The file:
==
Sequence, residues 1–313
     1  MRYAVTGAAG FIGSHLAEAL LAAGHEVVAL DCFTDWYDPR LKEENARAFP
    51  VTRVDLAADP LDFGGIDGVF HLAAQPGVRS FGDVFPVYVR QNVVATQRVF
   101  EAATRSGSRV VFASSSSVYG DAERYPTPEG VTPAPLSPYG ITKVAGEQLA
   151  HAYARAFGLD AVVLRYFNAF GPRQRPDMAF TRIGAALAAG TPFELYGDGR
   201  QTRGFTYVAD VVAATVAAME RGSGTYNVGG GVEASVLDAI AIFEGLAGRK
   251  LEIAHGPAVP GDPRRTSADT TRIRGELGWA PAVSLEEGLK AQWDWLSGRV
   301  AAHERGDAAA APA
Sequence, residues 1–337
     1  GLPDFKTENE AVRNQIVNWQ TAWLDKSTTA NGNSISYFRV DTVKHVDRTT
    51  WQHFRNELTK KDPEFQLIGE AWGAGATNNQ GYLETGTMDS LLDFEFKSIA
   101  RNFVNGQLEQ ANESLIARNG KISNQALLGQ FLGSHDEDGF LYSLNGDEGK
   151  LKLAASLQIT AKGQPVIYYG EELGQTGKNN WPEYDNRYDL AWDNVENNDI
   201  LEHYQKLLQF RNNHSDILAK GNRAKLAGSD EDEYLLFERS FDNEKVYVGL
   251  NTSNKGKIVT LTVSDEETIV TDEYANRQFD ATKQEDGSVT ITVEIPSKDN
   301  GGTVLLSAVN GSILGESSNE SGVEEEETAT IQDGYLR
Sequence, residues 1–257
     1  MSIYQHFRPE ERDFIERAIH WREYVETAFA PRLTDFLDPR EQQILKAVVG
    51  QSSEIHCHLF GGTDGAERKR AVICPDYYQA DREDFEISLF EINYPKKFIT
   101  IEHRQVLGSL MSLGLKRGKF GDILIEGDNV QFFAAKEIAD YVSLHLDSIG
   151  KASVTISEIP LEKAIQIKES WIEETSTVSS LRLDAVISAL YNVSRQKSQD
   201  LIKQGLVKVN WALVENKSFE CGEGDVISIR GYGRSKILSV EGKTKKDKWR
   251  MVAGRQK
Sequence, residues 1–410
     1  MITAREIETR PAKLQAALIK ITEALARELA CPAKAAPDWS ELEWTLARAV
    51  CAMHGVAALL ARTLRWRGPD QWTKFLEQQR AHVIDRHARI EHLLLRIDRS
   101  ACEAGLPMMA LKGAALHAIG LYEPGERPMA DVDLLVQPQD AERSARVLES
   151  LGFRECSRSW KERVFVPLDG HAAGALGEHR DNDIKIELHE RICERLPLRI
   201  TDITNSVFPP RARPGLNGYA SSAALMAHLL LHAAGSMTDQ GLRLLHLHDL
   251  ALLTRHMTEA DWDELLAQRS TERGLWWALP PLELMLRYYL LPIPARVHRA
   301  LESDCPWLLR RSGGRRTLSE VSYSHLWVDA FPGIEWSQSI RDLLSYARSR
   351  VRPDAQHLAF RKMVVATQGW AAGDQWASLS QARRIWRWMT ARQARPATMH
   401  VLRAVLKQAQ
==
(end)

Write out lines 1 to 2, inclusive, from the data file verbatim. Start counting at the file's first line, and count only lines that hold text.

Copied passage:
Sequence, residues 1–313
     1  MRYAVTGAAG FIGSHLAEAL LAAGHEVVAL DCFTDWYDPR LKEENARAFP